Written by PETA
Yesterday, PETA Associate Director of Laboratory Investigations Justin Goodman spoke at a National Academy of Sciences Institute of Medicine meeting on the issue of whether the U.S. should continue to be the only industrialized nation in the world that conducts harmful experiments on chimpanzees and other great apes. Justin told the committee, “In 2011, it lacks academic integrity to deny that chimpanzees possess all of the qualities necessary for us to afford them the right not to be treated as laboratory equipment.”
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He was joined by a host of scientists, doctors, and great ape experts, including world-renowned chimpanzee expert Dr. Jane Goodall, who resoundingly agreed that experiments on apes are not necessary in order to develop effective treatments for hepatitis C, HIV/AIDS, cancer, and other illnesses that have often been cited as justification for experiments on chimpanzees.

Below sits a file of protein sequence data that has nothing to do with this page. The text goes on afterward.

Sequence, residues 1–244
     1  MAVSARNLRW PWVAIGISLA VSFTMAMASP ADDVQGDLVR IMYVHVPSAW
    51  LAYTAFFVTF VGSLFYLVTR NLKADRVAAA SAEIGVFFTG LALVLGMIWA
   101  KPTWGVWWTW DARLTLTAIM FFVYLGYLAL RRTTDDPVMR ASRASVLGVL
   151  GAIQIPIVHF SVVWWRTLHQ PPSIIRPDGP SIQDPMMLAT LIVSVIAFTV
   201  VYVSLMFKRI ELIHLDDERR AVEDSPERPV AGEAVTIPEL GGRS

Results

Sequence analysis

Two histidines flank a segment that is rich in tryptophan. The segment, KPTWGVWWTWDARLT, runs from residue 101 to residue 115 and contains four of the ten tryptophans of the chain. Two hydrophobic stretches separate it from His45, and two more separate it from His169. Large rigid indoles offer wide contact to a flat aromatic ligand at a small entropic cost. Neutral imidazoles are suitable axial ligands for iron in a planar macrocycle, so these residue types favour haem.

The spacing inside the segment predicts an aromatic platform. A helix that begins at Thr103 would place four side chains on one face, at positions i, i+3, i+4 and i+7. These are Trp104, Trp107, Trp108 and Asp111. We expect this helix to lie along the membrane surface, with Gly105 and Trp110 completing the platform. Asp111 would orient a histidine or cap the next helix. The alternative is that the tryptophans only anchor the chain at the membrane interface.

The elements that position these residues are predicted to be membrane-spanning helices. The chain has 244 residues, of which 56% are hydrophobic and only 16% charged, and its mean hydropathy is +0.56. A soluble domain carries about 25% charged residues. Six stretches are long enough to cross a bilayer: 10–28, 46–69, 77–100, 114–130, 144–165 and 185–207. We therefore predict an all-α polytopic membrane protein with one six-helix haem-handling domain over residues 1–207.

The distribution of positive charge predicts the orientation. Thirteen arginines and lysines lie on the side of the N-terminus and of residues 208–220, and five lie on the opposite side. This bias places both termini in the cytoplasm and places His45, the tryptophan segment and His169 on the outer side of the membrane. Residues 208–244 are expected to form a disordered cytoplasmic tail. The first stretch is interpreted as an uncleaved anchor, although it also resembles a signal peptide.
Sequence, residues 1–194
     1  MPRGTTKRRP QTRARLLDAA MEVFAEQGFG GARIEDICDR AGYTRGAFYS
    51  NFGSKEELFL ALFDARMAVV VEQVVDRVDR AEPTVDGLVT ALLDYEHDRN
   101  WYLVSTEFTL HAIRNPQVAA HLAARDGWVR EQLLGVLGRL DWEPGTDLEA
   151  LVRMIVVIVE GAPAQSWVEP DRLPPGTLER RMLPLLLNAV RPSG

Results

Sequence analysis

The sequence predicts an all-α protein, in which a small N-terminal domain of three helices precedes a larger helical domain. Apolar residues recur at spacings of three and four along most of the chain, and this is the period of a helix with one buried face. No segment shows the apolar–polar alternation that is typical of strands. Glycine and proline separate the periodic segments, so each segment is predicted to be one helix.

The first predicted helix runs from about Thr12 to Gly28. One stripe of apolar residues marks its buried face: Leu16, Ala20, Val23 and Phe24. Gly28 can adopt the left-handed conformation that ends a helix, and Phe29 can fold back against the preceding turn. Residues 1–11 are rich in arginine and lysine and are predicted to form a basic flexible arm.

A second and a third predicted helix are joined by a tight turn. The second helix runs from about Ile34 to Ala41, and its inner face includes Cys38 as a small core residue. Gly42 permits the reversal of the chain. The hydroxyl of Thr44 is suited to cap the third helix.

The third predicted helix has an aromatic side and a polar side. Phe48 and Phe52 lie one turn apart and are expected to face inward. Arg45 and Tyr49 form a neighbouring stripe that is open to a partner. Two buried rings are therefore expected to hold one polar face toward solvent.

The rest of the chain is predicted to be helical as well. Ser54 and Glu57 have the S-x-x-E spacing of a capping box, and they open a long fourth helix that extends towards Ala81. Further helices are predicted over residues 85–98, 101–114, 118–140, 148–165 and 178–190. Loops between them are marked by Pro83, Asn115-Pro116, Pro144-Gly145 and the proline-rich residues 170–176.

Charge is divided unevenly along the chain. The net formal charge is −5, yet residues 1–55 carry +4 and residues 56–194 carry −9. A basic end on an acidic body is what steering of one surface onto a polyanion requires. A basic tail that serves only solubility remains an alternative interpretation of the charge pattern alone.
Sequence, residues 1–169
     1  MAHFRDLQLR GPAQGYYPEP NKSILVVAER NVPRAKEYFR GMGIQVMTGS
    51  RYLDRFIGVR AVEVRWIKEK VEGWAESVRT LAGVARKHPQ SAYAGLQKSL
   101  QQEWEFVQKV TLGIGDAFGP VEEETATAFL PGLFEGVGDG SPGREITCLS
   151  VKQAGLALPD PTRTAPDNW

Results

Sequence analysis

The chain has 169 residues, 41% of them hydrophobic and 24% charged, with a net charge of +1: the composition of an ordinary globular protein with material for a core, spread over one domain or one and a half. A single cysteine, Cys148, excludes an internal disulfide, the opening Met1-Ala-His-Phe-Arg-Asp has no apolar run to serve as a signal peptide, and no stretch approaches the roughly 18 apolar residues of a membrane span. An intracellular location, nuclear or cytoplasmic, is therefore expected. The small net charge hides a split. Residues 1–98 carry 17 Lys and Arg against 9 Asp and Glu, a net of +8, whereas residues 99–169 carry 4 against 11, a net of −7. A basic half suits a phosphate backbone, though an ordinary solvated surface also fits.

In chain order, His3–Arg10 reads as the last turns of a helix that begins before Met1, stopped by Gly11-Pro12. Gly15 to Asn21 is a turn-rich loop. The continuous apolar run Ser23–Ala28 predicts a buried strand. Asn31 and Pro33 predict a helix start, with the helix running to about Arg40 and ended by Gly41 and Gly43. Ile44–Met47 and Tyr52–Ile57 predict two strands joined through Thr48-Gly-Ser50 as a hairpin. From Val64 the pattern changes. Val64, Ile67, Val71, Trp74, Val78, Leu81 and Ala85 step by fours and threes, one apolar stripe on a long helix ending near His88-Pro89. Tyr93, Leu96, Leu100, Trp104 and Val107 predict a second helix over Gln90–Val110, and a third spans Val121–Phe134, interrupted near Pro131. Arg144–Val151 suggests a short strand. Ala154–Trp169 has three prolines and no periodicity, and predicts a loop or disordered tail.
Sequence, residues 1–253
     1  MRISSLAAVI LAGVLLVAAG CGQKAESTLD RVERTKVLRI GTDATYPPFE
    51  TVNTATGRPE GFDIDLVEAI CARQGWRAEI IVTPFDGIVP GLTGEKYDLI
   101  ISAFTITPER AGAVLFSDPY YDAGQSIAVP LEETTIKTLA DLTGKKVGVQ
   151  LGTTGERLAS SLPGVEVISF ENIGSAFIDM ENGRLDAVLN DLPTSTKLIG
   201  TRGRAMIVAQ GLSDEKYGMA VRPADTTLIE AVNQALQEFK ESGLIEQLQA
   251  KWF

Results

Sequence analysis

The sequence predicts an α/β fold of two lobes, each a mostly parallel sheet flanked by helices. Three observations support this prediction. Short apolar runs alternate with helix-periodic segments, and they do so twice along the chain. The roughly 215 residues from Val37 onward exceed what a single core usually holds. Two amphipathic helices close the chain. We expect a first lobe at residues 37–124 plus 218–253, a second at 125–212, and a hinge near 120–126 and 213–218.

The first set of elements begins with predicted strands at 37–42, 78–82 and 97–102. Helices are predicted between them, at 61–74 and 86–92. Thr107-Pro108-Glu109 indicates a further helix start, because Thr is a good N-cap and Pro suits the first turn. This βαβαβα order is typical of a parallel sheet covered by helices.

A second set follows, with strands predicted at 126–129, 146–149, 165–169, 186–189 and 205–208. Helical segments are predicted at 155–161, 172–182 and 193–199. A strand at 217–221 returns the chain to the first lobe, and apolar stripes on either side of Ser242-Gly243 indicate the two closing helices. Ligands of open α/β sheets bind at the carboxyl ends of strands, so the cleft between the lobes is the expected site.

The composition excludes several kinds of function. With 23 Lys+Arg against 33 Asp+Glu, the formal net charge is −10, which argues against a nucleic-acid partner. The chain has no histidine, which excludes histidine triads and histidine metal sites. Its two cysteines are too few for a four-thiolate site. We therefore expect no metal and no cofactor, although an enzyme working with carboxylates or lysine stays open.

Also supporting a ban on great-ape experiments is Rep. Roscoe G. Bartlett, R-Md., who has introduced the Great Ape Protection and Cost Savings Act in Congress. Bartlett is a former Navy physiologist who once experimented on primates. In a recent opinion piece in The New York Times, he describes seeing chimpanzees suffering from post-traumatic stress disorder and says that without question, they "experience pain, stress, and social isolation in ways strikingly similar to the way humans do."
You can help by urging your Congressional representatives to support the Great Ape Protection and Cost Savings Act.
Written by Michelle Sherrow
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Almost all of us grew up eating meat, wearing leather, and going to circuses and zoos. We never considered the impact of these actions on the animals involved. For whatever reason, you are now asking the question: Why should animals have rights? Read more.